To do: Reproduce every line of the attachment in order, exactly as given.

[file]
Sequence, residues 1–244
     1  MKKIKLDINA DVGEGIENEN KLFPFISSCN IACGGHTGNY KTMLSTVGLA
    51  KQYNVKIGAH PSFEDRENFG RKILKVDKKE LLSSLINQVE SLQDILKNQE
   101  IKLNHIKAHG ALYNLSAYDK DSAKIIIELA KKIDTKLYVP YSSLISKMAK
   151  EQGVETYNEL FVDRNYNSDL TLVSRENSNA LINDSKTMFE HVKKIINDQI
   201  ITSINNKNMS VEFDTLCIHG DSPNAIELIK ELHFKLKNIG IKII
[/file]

Sequence, residues 1–244
     1  MKKIKLDINA DVGEGIENEN KLFPFISSCN IACGGHTGNY KTMLSTVGLA
    51  KQYNVKIGAH PSFEDRENFG RKILKVDKKE LLSSLINQVE SLQDILKNQE
   101  IKLNHIKAHG ALYNLSAYDK DSAKIIIELA KKIDTKLYVP YSSLISKMAK
   151  EQGVETYNEL FVDRNYNSDL TLVSRENSNA LINDSKTMFE HVKKIINDQI
   201  ITSINNKNMS VEFDTLCIHG DSPNAIELIK ELHFKLKNIG IKII